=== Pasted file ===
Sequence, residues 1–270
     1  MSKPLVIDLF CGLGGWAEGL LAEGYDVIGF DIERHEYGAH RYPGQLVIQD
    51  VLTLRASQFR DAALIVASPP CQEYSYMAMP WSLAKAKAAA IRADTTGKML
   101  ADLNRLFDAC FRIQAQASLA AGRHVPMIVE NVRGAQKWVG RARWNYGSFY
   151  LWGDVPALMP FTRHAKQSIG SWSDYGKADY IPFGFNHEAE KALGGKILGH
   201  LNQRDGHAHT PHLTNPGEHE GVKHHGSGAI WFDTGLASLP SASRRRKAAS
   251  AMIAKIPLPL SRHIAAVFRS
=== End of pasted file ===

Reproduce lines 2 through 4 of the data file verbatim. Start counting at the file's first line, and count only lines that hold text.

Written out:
     1  MSKPLVIDLF CGLGGWAEGL LAEGYDVIGF DIERHEYGAH RYPGQLVIQD
    51  VLTLRASQFR DAALIVASPP CQEYSYMAMP WSLAKAKAAA IRADTTGKML
   101  ADLNRLFDAC FRIQAQASLA AGRHVPMIVE NVRGAQKWVG RARWNYGSFY